China began researching rocketry before the launch of Sputnik in 1957, but it was not until 1970 that the country launched its first satellite into orbit. Since then, China has launched more than 400 missions, and almost all of them have used the Long March (Changzheng) family of rockets.
Read more about the history of China's Long March rocket in this countdown.
Long March 1
The first member of China's now-extensive family of Long March rockets was the Long March 1. The 98-foot-long (30 meters), three-stage rocket successfully launched from Jiuquan in the Gobi Desert to send China's first satellite, Dong Fang Hong 1, into orbit on April 24, 1970, making China the fifth country to launch its own satellite. The date now marks China's annual Space Day.
The rocket used a propellant mix of highly toxic unsymmetrical dimethylhydrazine and red fuming nitric acid and was based on the Dongfeng 3 ballistic missile. It was retired in March 1971 after its second launch.
Long March 2A and 2C
China's next launcher was the 105-foot-long (32 m) Long March 2A. The two-stage rocket burned a mix of unsymmetrical dimethylhydrazine and dinitrogen tetroxide and was capable of lifting 4,400 pounds (2,000 kilograms) of payload to low Earth orbit (LEO). The first launch failed in 1974, but three further successful launches were conducted in the coming years, sending China's early reconnaissance satellites into orbit, before it was replaced by the more powerful Long March 2C.
The 138-foot-long (42 m) Long March 2C was developed by the China Academy of Launch Vehicle Technology (CALT) and can carry 8,490 pounds (3,850 kg) to LEO. It can use a number of upper stages for missions to sun-synchronous orbit (SSO) and has launched more than 50 times since its debut in 1982.
Long March 2D
The similarly capable Long March 2D is produced by the Shanghai Academy of Spaceflight Technology (SAST); SAST and CALT are China's two major state-owned launch vehicle manufacturers, with both belonging to the China Aerospace Science and Technology Corporation (CASC), the country's main space contractor.
The 135-foot-long (41 m) Long March 2D is sometimes referred to as China's "golden rocket," having suffered just one partial failure in its 59 launches between 1992 and January 2022.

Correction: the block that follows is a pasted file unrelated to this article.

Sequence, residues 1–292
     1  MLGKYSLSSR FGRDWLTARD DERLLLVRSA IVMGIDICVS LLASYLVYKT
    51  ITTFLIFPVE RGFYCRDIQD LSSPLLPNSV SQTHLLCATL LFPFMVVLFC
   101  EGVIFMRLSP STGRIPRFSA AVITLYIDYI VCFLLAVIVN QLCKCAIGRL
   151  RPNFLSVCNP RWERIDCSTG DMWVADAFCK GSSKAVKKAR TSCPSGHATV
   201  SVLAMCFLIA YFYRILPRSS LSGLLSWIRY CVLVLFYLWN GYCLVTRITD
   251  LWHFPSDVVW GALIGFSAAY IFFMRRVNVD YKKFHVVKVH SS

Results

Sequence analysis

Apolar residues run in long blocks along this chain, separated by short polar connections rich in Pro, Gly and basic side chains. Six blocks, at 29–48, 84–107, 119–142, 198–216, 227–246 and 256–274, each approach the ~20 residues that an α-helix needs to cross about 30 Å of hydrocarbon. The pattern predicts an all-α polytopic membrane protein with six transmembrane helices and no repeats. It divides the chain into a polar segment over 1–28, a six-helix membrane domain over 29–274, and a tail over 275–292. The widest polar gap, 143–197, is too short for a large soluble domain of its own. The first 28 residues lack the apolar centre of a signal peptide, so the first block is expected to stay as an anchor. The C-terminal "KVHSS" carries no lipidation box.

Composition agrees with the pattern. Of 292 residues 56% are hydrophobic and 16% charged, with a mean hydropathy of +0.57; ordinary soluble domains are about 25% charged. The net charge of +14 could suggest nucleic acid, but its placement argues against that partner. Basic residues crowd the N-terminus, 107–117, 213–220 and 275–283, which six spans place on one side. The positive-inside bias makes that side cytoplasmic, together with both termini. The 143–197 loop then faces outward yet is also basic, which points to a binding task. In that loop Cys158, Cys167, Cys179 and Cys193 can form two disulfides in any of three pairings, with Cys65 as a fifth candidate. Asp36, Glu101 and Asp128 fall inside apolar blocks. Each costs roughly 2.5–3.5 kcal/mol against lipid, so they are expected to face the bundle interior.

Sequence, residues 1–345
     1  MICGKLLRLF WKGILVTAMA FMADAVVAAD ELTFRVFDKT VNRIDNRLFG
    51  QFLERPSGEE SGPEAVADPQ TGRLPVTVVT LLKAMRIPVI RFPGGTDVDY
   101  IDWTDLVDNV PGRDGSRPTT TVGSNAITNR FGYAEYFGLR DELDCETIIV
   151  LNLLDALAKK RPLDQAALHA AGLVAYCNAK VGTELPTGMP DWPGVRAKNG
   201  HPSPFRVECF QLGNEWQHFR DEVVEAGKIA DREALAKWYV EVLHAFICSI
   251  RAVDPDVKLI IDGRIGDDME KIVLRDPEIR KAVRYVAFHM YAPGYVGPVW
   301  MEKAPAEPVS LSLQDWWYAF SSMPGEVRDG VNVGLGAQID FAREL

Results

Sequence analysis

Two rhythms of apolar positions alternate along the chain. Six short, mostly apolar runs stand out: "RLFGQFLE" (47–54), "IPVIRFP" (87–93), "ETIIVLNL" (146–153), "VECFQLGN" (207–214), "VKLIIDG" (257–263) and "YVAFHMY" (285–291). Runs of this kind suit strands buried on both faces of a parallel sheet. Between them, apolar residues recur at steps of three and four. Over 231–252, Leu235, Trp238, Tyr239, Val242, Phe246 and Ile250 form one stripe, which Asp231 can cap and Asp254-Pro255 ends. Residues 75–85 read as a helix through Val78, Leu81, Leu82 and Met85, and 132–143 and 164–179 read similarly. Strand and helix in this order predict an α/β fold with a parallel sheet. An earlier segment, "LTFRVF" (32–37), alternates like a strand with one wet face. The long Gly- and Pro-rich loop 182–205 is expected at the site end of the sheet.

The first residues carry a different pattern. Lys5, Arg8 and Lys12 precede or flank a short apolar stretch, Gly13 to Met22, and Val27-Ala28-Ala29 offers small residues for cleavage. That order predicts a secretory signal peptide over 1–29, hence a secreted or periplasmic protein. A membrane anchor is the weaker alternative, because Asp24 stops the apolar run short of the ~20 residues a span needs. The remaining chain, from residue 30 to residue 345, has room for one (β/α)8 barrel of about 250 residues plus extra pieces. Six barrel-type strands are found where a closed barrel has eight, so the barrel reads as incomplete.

Long March 2E
The three-stage Long March 2E featured four side boosters and was designed for launching communications satellites of up to 7,700 pounds (3,500 kg) into a geosynchronous transfer orbit.
Between its first flight in 1990 and its final launch in December 1995, the rocket suffered two partial failures and one complete failure in its seven missions. It did, however, provide the basis for China's rocket for human spaceflight.
Long March 2F
The Long March 2F was designed to launch a Shenzhou crewed spacecraft into LEO as part of a long-term plan to build a space station. The two-stage, 203-foot-long (62 m) rocket has four side boosters and launches from Jiuquan. It can carry 18,500 pounds (8,400 kg) to LEO and has launched 13 Shenzhou missions so far, including five uncrewed missions. The rocket features a signature launch escape tower on top of the payload fairing.
The fifth Long March 2F sent Yang Liwei into orbit aboard Shenzhou 5 in October 2003, making China only the third country to independently launch a human into space. A slightly modified version of the Long March 2F has also launched the Tiangong 1 and 2 space labs and, in 2020, a classified spacecraft.
Long March 3A, 3B and 3C
The three-stage Long March 3 series rockets come in configurations with zero (3A), two (3C) and four (3B) liquid side boosters and launch from hilly Xichang in southern China. The first launch of the Long March 3B, in 1996, carried the Intelsat 708 satellite but ended in disaster seconds into the flight, veering off course after barely clearing the launch tower and bursting into flames on impact with the ground.
These days, the upgraded Long March 3B/E is the workhorse of China's Long March rocket family, with an extended first stage and boosters raising its payload capability to 12,100 pounds (5,500 kg). It has launched a range of communications satellites for several countries around the world, as well as deployed the BeiDou Navigation Satellite System (China's version of GPS), classified satellites and Chang'e lunar lander and rover missions.
Long March 4B and 4C